Clauses such as, “promoting ill-will and hostility between different classes” can be used to penalise any political party that advocates for the working class to mobilise its political and industrial strength to oust the government or the capitalist system.

Other broad-ranging clauses define the following as criminal offenses, which could be used to persecute and jail political opponents. These include, “communication of false statement amounting to contempt,” “wantonly giving provocation by false statement to cause riot,” “disturbing a religious assembly by a false statement,” and “circulating false report with intent to cause mutiny or an offence against the State.”

The OSA will be managed by the Public Security Ministry, currently headed by Tiran Alles, who is notorious for mobilising the police to break up demonstrations of workers, students and government opponents.

Sri Lanka Minister for Public Security Tiran Alles addressing a media conference in Colombo. [Photo: Tiran Alles/Facebook]

Addressing a community police committee meeting on February 12, Alles said, “A certain group in the country is using social media to attack us,” a reference to activists opposing his ministry’s repressive Yukthiya (Justice) campaign.

Under the pretext of suppressing “drugs and crime,” this brutal police operation, which has been condemned by numerous human rights organisations, has arbitrarily arrested over 50,000 people since mid-December, many of them poor.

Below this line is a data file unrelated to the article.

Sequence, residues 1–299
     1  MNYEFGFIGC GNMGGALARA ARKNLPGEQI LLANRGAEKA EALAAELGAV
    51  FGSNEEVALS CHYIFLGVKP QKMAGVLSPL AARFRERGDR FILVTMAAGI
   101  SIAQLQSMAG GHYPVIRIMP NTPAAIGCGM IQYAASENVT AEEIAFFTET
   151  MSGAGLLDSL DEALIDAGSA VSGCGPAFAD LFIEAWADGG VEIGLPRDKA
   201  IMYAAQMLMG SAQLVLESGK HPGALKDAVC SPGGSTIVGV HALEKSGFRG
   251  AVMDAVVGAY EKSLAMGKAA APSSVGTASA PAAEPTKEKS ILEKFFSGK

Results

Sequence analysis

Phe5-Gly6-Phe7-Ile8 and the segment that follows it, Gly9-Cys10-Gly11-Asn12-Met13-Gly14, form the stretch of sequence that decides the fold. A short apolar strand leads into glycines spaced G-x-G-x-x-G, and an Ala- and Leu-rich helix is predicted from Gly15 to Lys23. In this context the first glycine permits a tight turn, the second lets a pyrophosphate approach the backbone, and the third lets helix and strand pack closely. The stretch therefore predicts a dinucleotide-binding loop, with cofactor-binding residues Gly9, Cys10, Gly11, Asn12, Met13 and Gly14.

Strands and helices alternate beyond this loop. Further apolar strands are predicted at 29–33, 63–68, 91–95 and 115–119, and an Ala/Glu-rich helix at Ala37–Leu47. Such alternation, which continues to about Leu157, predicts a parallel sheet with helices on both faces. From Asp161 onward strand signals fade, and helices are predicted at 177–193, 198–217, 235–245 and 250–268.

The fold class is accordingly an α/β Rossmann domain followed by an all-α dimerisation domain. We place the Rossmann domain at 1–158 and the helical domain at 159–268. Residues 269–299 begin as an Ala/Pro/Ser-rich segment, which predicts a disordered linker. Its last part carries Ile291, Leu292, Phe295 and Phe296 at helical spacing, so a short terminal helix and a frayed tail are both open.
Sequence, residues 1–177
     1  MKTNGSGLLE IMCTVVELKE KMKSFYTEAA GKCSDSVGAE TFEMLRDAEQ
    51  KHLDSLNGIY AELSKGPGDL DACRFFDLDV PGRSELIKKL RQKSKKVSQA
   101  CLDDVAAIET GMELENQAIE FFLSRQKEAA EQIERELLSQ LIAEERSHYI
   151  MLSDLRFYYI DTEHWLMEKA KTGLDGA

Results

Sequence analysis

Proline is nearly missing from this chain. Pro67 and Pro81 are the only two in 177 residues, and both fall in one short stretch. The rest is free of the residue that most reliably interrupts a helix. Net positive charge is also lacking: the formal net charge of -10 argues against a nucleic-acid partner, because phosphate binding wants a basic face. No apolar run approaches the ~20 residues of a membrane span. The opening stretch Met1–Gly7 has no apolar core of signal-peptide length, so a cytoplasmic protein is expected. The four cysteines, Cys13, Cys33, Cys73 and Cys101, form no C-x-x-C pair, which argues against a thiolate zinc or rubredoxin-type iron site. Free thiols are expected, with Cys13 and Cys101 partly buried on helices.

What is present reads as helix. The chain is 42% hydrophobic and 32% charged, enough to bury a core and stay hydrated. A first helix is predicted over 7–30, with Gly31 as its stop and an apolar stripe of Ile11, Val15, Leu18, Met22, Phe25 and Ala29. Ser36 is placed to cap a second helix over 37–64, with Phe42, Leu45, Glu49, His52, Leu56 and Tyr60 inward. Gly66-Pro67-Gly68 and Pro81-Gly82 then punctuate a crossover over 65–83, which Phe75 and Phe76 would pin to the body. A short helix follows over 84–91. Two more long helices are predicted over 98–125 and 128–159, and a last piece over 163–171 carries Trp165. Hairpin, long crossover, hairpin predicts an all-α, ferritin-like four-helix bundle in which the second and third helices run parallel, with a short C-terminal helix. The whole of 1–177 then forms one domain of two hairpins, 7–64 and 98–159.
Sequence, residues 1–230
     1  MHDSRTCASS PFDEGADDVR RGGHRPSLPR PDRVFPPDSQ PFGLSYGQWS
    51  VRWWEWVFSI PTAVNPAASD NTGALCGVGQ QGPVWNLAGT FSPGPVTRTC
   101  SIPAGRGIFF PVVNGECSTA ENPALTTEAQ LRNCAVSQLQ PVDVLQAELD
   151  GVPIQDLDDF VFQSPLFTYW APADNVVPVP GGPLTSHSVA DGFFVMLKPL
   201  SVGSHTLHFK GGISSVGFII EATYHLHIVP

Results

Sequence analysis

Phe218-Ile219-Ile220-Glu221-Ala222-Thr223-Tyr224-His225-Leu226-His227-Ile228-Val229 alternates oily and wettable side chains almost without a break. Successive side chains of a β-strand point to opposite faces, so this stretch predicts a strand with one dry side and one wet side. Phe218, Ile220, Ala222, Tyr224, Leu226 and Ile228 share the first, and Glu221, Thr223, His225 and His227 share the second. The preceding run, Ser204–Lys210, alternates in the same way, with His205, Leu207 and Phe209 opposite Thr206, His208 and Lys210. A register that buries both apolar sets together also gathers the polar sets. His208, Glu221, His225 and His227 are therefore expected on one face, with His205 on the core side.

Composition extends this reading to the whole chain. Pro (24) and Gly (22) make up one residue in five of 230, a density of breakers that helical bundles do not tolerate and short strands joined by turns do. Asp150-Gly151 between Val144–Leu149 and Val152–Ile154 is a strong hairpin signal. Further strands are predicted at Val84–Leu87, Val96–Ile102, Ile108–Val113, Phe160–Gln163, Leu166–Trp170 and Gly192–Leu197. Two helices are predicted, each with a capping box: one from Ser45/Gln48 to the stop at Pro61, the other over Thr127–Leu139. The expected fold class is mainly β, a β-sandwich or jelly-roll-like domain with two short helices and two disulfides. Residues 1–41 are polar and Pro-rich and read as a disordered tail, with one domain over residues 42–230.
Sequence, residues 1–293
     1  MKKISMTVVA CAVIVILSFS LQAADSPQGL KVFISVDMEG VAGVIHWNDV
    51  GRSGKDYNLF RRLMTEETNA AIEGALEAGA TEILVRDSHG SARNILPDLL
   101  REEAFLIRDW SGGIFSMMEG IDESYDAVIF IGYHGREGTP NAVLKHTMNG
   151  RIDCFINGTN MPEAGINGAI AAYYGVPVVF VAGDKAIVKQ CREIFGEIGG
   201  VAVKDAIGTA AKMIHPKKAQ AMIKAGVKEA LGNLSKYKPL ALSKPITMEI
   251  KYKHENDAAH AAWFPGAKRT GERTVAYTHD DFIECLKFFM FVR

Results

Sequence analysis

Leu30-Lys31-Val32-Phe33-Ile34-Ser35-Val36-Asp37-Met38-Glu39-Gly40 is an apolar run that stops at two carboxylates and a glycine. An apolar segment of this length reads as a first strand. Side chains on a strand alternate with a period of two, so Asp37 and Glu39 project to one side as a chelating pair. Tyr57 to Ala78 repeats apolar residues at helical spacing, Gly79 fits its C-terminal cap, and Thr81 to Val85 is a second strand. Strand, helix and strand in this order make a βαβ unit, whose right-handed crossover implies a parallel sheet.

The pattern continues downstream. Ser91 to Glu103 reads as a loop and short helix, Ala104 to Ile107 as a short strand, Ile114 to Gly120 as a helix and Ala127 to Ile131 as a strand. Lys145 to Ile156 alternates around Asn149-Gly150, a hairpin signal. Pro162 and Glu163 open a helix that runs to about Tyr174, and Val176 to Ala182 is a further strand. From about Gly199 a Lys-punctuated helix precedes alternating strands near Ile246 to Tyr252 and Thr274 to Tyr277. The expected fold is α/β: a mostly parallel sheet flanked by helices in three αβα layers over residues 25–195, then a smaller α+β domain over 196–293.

“As long as I hold this ministerial position,” Alles declared, “I will not yield to the demands of these groups or the international community.”

Wickremesinghe’s desperate efforts to impose its so-called Online Safety Act flows from its fear of the growing mass opposition of workers, students and the poor to his government’s International Monetary Fund-dictated austerity measures.

From January 3 to 5, tens of thousands Ceylon Electricity Board (CEB) workers held a nationwide sick-leave protest. The government responded by imposing its Essential Public Services Act, leading to 66 employees being suspended from their jobs. CEB management has also banned employees from using social media.

Last week hundreds of thousands of health workers walked out on strike, the third time this year, to demand higher allowances. Wickremesinghe reacted by imposing its essential services laws against the health employees and mobilising soldiers as strikebreakers.

Neither the health sector trade union leadership nor the CEB trade union bureaucracy has mobilised their members in united national industrial action to challenge these reactionary laws or fight the government’s attacks.

Wickremesinghe’s Online Safety measures run parallel with other anti-democratic measures and are aimed at crushing working-class resistance to its social attacks. Its next draconian law—the Anti-Terrorism Bill—will soon be presented to parliament for ratification.

Wickremesinghe moves towards dictatorial methods of rule, which are fully endorsed by all factions of Sri Lanka’s ruling elite, are an expression global processes and the rapid shift towards extreme-right, anti-democratic regimes in the US, Europe and India.

While the opposition Samagi Jana Balawegaya (SJB) and the Janatha Vimukthi Peramuna (JVP) have made limited criticisms of the government’s repressive laws, their comments are aimed at containing the growing anti-government opposition and covering up their own political records.

SJB leaders were in the Wickremesinghe’s United National Party and until recently, assisted in the implementation of various repressive measures against workers and the poor. Likewise, the JVP, which has been in and out of previous governments, has supported previous emergency measures and so-called anti-terror laws.

The working class can defend democratic rights only by mobilising its industrial and political strength, independent of all capitalist parties and the trade unions, and rallying behind them the oppressed masses. The defence of democratic rights is bound up with the struggle for socialist policies against the capitalist profit system.